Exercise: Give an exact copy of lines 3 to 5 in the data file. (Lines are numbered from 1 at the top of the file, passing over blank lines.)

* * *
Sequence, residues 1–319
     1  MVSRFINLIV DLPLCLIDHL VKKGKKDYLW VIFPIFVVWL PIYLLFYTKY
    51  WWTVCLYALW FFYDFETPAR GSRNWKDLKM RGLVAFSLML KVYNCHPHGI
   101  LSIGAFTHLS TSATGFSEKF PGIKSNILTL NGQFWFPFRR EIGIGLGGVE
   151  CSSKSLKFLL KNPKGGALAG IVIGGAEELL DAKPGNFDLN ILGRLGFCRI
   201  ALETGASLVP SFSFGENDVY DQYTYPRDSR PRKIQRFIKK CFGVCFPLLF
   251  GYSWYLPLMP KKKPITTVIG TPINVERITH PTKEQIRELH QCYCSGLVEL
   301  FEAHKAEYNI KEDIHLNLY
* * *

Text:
    51  WWTVCLYALW FFYDFETPAR GSRNWKDLKM RGLVAFSLML KVYNCHPHGI
   101  LSIGAFTHLS TSATGFSEKF PGIKSNILTL NGQFWFPFRR EIGIGLGGVE
   151  CSSKSLKFLL KNPKGGALAG IVIGGAEELL DAKPGNFDLN ILGRLGFCRI